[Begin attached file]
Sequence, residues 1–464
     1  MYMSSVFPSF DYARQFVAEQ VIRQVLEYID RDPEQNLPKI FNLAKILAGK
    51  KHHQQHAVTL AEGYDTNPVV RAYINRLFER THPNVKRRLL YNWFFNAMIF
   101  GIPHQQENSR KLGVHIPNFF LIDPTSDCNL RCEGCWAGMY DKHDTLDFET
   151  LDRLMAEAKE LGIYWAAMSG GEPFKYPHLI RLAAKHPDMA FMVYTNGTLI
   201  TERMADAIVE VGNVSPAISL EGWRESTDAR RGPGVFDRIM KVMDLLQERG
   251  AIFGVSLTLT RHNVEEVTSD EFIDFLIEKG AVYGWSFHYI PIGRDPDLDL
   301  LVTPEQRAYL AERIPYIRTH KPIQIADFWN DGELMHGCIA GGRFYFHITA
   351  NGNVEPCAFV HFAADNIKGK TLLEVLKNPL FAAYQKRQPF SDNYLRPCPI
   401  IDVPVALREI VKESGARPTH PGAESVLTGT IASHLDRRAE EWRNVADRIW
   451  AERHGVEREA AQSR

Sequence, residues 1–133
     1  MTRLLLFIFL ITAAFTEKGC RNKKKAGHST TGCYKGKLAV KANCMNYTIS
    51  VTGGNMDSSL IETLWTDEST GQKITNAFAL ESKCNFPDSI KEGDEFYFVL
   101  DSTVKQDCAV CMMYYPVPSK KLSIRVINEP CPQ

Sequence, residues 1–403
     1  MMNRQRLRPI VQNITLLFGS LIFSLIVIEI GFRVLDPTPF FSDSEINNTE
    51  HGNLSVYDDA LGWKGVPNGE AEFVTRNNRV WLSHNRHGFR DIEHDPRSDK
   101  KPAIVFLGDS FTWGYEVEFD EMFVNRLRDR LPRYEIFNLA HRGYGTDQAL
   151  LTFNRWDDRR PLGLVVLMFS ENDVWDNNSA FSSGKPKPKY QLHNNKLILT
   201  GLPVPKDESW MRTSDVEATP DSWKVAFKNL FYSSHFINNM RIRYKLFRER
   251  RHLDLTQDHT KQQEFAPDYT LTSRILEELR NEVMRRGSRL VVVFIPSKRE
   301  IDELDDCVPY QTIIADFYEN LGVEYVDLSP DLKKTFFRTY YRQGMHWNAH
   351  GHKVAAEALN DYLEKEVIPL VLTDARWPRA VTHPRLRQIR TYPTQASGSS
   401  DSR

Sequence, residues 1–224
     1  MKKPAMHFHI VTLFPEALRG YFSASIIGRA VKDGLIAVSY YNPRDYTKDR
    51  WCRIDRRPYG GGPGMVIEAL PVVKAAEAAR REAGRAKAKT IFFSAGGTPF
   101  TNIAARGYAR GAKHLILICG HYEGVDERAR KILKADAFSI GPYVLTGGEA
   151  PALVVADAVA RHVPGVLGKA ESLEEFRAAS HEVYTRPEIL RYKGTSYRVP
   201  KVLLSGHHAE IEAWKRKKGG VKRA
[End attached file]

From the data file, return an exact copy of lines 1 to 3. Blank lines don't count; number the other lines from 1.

Sequence, residues 1–464
     1  MYMSSVFPSF DYARQFVAEQ VIRQVLEYID RDPEQNLPKI FNLAKILAGK
    51  KHHQQHAVTL AEGYDTNPVV RAYINRLFER THPNVKRRLL YNWFFNAMIF